Forecasting Coastal Erosion: Integral Develops Tools to Predict Coastal Hazards
October 21, 2019

Accurate forecasting of erosion along Arctic coastlines is crucial for preparing adaptation strategies for nearby communities and infrastructure. Along with teaming partners, Integral scientists have developed an oceanographic modeling system to aid in the prediction of Arctic coastal erosion. Chris Flanary, Ph.D., will deliver a poster presentation and discuss these tools at the American Shore and Beach Preservation Association (ASBPA) 2019 National Coastal Conference: Where Coasts and Rivers Meet, held on October 22–25, 2019, in Myrtle Beach, South Carolina.

Drew Point, Alaska, coastline and permafrost bluff erosion
(Image courtesy of Ben Jones, University of Alaska Fairbanks)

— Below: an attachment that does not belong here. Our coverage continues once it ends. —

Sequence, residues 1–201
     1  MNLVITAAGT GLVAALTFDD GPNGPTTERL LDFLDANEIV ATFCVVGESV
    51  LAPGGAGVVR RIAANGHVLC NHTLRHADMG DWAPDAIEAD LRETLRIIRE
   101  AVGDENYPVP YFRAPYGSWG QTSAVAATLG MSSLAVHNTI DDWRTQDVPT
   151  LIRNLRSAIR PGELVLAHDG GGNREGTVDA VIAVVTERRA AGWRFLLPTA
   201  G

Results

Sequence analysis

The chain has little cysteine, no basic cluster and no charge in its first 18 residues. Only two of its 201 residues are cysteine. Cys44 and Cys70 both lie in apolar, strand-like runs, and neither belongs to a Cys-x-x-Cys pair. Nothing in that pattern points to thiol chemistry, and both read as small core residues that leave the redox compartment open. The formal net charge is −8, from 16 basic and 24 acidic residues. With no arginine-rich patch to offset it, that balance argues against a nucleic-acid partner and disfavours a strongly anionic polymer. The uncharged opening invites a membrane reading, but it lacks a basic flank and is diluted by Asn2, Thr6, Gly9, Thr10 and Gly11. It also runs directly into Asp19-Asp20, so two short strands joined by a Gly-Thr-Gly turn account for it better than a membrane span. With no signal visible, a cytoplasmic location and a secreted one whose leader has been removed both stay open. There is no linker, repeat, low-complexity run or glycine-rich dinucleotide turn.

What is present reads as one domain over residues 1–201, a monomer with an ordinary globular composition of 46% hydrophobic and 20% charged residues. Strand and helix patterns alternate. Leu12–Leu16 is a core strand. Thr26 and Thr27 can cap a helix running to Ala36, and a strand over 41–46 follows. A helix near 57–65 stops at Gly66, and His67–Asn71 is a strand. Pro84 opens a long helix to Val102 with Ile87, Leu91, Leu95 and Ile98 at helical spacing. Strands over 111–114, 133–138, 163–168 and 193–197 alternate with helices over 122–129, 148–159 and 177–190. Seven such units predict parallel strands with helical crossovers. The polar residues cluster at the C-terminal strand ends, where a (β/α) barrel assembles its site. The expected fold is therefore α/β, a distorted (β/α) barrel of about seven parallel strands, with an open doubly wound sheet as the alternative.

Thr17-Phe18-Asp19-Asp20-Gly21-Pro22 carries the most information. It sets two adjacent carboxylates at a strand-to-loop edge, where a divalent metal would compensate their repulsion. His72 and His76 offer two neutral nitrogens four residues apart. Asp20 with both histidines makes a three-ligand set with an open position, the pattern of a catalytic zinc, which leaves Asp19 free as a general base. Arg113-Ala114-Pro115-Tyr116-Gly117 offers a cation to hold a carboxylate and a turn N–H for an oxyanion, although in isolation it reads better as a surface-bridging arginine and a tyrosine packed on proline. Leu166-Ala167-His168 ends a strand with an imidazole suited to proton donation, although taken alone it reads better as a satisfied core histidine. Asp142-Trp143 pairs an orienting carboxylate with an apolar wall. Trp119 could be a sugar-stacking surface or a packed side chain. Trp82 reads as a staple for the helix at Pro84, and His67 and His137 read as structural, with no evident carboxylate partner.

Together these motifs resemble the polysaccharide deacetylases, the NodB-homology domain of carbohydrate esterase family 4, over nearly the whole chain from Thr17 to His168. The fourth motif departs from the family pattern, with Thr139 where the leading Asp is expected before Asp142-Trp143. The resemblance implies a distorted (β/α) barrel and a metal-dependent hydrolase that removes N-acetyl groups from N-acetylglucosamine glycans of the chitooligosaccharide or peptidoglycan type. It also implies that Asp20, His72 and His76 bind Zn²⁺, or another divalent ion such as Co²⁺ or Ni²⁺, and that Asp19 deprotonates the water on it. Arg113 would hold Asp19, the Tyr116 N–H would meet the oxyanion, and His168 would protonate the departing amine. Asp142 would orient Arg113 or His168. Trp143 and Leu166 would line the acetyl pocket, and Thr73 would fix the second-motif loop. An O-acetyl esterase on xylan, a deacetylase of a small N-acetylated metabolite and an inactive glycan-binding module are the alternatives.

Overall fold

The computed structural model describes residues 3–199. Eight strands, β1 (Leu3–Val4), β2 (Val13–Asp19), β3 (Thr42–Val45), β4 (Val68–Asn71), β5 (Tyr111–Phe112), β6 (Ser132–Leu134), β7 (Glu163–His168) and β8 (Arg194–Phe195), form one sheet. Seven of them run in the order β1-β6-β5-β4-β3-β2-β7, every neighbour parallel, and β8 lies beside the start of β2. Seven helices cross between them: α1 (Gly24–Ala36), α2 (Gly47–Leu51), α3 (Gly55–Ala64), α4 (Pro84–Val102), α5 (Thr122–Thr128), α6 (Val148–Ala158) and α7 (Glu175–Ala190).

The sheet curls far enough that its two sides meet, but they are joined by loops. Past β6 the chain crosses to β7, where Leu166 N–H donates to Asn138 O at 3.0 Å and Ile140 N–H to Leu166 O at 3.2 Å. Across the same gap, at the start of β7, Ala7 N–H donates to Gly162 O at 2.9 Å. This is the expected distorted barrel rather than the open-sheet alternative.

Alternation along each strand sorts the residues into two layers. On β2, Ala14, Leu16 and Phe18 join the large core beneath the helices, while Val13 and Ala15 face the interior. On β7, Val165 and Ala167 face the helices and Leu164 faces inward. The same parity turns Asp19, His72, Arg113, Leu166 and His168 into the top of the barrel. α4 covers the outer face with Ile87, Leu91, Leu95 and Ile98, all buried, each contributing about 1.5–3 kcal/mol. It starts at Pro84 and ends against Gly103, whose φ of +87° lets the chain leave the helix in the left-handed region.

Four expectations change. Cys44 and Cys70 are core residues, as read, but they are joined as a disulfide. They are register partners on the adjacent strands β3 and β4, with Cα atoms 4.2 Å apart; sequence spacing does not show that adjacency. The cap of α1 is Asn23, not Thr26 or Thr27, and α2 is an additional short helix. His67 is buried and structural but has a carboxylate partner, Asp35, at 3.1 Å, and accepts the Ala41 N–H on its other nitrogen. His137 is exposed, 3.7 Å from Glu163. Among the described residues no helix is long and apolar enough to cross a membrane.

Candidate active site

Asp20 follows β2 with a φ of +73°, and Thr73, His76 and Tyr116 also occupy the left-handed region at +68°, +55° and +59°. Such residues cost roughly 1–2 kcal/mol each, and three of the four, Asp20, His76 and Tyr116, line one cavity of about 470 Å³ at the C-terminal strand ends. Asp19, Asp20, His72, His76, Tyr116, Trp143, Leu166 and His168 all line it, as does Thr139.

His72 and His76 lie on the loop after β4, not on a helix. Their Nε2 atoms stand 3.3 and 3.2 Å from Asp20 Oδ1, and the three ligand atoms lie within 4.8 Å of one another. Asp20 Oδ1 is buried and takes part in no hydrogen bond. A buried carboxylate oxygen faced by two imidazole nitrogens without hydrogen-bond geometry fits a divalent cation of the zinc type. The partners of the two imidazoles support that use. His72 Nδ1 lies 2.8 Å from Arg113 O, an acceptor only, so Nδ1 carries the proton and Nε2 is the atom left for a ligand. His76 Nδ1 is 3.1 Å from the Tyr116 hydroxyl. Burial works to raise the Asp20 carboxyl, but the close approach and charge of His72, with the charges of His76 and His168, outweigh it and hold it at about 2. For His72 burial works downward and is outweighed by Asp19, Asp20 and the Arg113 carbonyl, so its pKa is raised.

Titled “Arctic Coastal Erosion: Coupled Modeling System for Coastal Hazards Evaluation,” and coauthored with Craig Jones, Ph.D., and Sam McWilliams, E.I.T., Dr. Flanary’s presentation displays methodology and results from a system designed to evaluate coastal erosion in Drew Point, Alaska.

Coastline erosion in Drew Point can exceed 10 meters per year and it is expected to increase. Integral worked with Sandia National Laboratories, the U.S. Geological Survey, University of Alaska Fairbanks, and University of Texas at Austin to evaluate coastal erosion through a modeling system that simulated nearshore and permafrost bluff conditions in Drew Point. These innovative tools can be applied to the assessment of coastal hazards worldwide in an effort to protect communities and infrastructure.

For more information, contact Dr. Flanary at

Learn more about the conference.